In the previous blog Use Angry Birds to Teach Math (see below) we shared a plan to introduce students to parabolas. Students can follow Bruner’s CRA teaching method from tossed-beanbags to the parabolas in Angry Birds to graphing-quadratic-equations in Elevated Math. The popularity of our blog post has inspired us to include an excerpt from the Elevated Math lesson. This lesson is part representative and part abstract. We have removed from the video the “autopauses” found in the iPad lessons so the video will flow better. This lesson, A14.1, continues for another 18 minutes and includes abstract activities for the students. Also, two subsequent lessons A14.2 and A14.3 further explore quadratic equations.

 

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Use Angry Birds to Teach Math

§ September 7th, 2011 § 7 Comments- Add yours§ Filed under Teaching Math § Tagged , , , , , , , , , , , , , ,

As David Wees shares in his blog entitled, Make Mathematics Fun, “too many students spend a lot of time not enjoying themselves when learning mathematics.”  He challenges mathematics educators to make math accessible and more easily learned for their students.  Being up for the challenge, here is a suggestion.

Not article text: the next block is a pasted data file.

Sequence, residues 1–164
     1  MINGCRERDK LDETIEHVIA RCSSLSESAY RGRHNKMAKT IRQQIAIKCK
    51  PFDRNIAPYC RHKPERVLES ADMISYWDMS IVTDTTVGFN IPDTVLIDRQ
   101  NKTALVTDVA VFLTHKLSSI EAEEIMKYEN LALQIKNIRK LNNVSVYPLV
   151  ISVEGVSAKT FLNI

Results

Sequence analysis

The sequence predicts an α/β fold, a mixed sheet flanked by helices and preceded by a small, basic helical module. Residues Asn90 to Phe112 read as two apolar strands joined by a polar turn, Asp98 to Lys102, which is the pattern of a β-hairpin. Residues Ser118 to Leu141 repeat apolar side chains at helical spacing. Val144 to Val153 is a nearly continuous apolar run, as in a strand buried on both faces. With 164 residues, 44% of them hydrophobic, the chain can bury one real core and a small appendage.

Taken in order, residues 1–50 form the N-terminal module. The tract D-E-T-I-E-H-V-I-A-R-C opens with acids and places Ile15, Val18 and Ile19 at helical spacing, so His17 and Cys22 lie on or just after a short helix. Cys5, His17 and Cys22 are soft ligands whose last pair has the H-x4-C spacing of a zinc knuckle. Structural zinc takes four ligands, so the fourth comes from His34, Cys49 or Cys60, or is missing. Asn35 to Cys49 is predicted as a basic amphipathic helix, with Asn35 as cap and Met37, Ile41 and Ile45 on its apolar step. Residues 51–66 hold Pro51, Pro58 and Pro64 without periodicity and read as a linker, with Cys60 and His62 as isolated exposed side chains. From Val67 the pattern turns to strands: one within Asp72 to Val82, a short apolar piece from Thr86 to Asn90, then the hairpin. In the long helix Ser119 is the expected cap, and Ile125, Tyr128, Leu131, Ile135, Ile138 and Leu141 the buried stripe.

Angry Birds is the largest mobile app success the world has seen so far. It is an interactive, animated projectile launcher that creates parabolic motion. The parabola is traced by the flight of the projectile (the bird).  In the app players use a slingshot to launch birds at pigs stationed on or within various structures.  The goal is to destroy all the pigs on the screen. The game is such a huge hit that The MIT Entrepreneurship Review predicts that the game will be bigger than either Mickey Mouse or Mario.  If  kids are that into it,  let’s change it from a mindless game to a vehicle for learning math.

§ Read the rest of this entry…

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Have a Safe Labor Day Weekend!